Yoga, meditation, outdoor walking: 3 practices for good mental health
- May 2, 2018
- By Reverend Dr. Kathaleen Martin-Midcalf | The Yoga Pearl
- Categories: Healthy Body, Healthy Mind, Meditation, Wellness, Yoga
Stress is one aspect that negatively affects mental health. There are practices that can help maintain good mental health and stave off stress.
My own approach for staying mentally fit has three pillars, which are simple, affordable and accessible: yoga, meditation and outdoor walking.
Yoga has been shown to combat cognitive decline and improve both memory and mood to a greater degree than conventional brain training. Regular yoga practice has been shown to have a positive effect on mental health challenges such as depression, anxiety, ADHD, PTSD and schizophrenia.
Other benefits include improved immune function, reduced risk for migraines, better sleep and reduced stress levels. Benefits occur in as short a time as one 20-minute session and continue to accrue with more time per session and more sessions per week.
Yoga also stimulates skin pressure receptors that boost activity in the brain and vagus nerve, both of which influence the production and release of various hormones.
As vagus nerve activity increases, the levels of stress hormones like cortisol decreases. Yoga also triggers the release of serotonin, a mood stabilizer neurotransmitter.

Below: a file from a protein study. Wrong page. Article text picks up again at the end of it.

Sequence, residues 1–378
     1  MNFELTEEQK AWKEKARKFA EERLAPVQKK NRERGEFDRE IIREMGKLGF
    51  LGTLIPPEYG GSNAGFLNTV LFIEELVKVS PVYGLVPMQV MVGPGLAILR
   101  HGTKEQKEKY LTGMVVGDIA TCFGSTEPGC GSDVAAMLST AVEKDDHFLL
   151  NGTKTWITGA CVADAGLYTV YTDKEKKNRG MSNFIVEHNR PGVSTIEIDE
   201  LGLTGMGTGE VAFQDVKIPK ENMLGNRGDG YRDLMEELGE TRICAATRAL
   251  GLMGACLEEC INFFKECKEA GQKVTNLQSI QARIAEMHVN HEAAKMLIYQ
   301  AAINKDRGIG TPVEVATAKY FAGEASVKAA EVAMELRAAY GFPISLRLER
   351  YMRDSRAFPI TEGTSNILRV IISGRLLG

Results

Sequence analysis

Yoga was originally developed as a way to remain comfortably seated for long periods of time in meditation. Most yoga classes end with a brief meditation period.
Meditation is the second supporting column for good mental hygiene. Meditation relieves stress and tension, improves mental focus, concentration, and clarity.
When our thinking is clearer we can make decisions more easily, and handle life’s challenges more skillfully. Benefits are shown in sessions as brief as 1-10 minutes.
Including a few minutes of meditation at the end of a yoga session (or any time!) can definitely improve mental hygiene.
Nietzsche wrote, “All truly great thoughts are conceived by walking.” For good mental health, my final supporting column is outdoor walking.
Walking outside is free and easy and all one needs is a supportive pair of shoes. Walking can increase mood — especially in sunlight when the hormone Vitamin D is produced (which can boost immune function in addition to mood).
Fresh air clears the mind, which can help with decision-making. Walking with a friend has the added benefit of improving social connections. This has been shown to positively impact cognitive decline, maybe even more so than brain puzzles.
Walking alone allows us to develop a clearer perspective on our difficulties and challenges. Benefits begin accruing in as little as 10 minutes per day.
My entire approach to good mental health can be accomplished at little or no cost (even yoga can be learned with DVDs, apps for mobile devices and internet sites — although if you are truly a beginner, classes with a qualified teacher can be most helpful), and all for less than an hour a day.
Why not start improving your mental fitness today?
Reverend Dr. Kathaleen Martin-Midcalf is the founder and master teacher at The Yoga Pearl in Sparks, Nevada. She is an ordained minister who holds a bachelor’s degree in women’s studies, a master’s degree in natural health and a doctorate in natural health. For more information, call 775-750-7610 or visit www.TheYogaPearl.com.